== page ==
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3afety of transport vorkers at base

21th July 1972, Page 15
21th July 1972
Page 15
Page 15, 21th July 1972 — 3afety of transport vorkers at base
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Which of the following most accurately describes the problem?

tobens committee calls for iajor change in law

A major change in the law on the safety id health of transport workers was oposed last week by the committee on. day and Health at Work, under the tairmanship of Lord Robens.

All transport workers should be covered, cept when actually engaged in transport ierations. by new legislation radically to shape the industrial safety and health 'stem. the committee recommended.

Its main recommendations were: (1) The tablishment of a single authority to Iminister streamlined laws; (2) Revision, irmonization and unification of all existing atutes and regulations under one Act; (3) ewer statutory regulations and more use of Muntary standards and codes of practice. The committee said that its term of :ference had excluded an examination of le extent to which present transport :gislation adequately provided for the afety and health of transport workers.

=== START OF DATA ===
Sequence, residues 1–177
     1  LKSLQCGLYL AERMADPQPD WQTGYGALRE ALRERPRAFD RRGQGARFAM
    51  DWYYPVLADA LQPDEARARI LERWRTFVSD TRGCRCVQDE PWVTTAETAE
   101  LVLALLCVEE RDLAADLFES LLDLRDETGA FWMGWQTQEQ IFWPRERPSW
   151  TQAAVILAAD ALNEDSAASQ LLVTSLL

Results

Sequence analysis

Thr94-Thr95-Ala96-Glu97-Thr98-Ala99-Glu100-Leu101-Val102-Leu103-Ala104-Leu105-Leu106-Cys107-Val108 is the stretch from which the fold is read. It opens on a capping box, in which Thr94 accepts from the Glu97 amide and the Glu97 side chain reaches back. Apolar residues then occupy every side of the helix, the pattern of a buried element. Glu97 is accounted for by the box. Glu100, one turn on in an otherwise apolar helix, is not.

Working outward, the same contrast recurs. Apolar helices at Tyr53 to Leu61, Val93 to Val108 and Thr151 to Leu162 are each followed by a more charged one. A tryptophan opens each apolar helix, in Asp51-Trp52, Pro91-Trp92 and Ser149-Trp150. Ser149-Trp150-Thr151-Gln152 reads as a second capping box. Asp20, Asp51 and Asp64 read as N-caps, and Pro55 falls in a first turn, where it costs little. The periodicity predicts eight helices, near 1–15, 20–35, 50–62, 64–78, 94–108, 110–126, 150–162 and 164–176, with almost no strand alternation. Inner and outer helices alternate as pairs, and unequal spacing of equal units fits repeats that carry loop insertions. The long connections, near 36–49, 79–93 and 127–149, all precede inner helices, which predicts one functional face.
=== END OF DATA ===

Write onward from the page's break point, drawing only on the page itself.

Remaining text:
"Transport safety is a vast study in its wn right, involving many technical roblems of a highly specialized nature," the !port said.

Provision for the safety and health of ilots, lorry arid train drivers could not be onsidered in isolation from a whole omplex of considerations such as onstraints imposed by vehicle design, ventualities beyond the control of mployers, and the need to safeguard the :avelling public.

"We accept these matters must be dealt vith within transport legislation", the report said. "Nevertheless", the committee argued, "there is no reason why basic standards of health and amenity should not be ensured for transport workers at their static bases in the same way as for the other workers."

The committee said it had no evidence about the extent to which existing transport legislation filled, or even purported to fill, this need. -At the same time, the haphazard application of the present occupational safety and health legislation in this area defies any principle of logic or equity."

Confused situation

The present -confused and unsatisfactory'? situation had arisen because those employed in the various transport industries came within the scope of the main occupational safety and health statutes only when "definedby virtue of working in .particular premises on particular operations.

"We recommend that all workers in the transport industry should be covered by the new legislation in all cases save those which are specifically 'defined out'," the committee said.

"The extent of their exclusion should be very closely circumscribed in some such term as 'whenever manning a moving train, aircraft or vehicle on the road'," the report continued.

This would have the effect of extending the general occupational safety and health provisions to all transport workers except while they were directly engaged on transport operations, it said.


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